• Maria

    will you be posting the debate on here so we can download and/or hear it if we miss it? I hope so!

  • Austin (and others) — You got it right with your comment. It may just be a different interpretation of what I wrote above. I would argue that atheism alone won’t do it for most people, but we need to explain the positive aspects of not believing in God/superstition. Hope that makes sense. I agree with you that atheism by itself is just a disbelief in God– it’s not a belief system, philosophy, etc.– though admittedly, I make the mistake sometimes of calling it more than what it is.

    Do you think your Jain upbringing creates a less argressive debate style?

    TXatheist– I don’t think it’s my Jain upbringing as much as it was just learning how to make my points via public speaking or through discussion. Aggression doesn’t work if you’re trying to make a point. The Jain belief may have influenced me a bit, but I don’t think it was the main thing at all.

    will you be posting the debate on here so we can download and/or hear it if we miss it?

    I will.

  • I would argue that atheism alone won’t do it for most people, but we need to explain the positive aspects of not believing in God/superstition. Hope that makes sense.

    It does, and I don’t disagree, but it’s important to be careful in order to avoid the trap of treating atheism as more than it really is.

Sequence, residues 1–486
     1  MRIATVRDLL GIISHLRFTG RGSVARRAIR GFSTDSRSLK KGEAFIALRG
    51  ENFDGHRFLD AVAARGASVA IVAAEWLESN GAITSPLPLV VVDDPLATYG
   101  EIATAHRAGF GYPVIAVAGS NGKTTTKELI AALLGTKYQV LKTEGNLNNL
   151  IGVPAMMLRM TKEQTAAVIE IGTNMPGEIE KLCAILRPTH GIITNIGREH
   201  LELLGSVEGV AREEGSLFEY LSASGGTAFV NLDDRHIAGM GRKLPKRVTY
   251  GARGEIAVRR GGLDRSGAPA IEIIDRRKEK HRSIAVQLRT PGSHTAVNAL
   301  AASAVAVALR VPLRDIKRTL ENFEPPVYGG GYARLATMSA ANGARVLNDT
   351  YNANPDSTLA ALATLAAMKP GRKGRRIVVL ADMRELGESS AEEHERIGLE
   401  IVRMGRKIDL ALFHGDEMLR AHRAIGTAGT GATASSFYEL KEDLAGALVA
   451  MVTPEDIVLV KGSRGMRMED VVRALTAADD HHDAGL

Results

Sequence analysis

For example, you say that we need to explain the “positive aspects of not believing in God/superstition,” but again there’s nothing positive about disbelief in gods if you are otherwise pretty gullible and irrational. I’ve said it before and it bears repeating here: if stranded on an island, I’d rather be stuck with a generally skeptical and critical theist than a gullible atheist. Why? I have a lot more in common with the former and can have a more productive, beneficial relationship with them than with the latter. Merely disbelieving in gods, or even superstition generally, doesn’t automatically tell me that this person has a leg up on others.

    So I would rephrase the above to: we need to explain to people the positive aspects of a generally skeptical/critical perspective on gods/religion and a naturalistic/scientific approach to the world around us. When a person has this, it isn’t guaranteed that they will also be atheists, but I think it is more likely — and, if they aren’t, they should be a skeptical sort of theist who’s a lot easier to get along with and with whom we’ll have a lot of common ground.

    To put it another way: it’s not your position that matters as much as your methodology. Your position, atheist or theist, isn’t as important as the methodology you use to arrive at it, evaluate it, and support it. The atheist position isn’t intrinsically superior and the theist position isn’t intrinsically inferior – it just tends to appear that way because of the poor methodology which is often used to defend theism. This, however, too often leads atheists to conclude that the positions are what matter most.

    I would thus revisit your second point above and say: should we atheists present more than just disbelief in gods and instead argue for the importance of skepticism, critical thinking, naturalism, and science? Should we promote a methodology of skepticism and scientific naturalism? I say yes.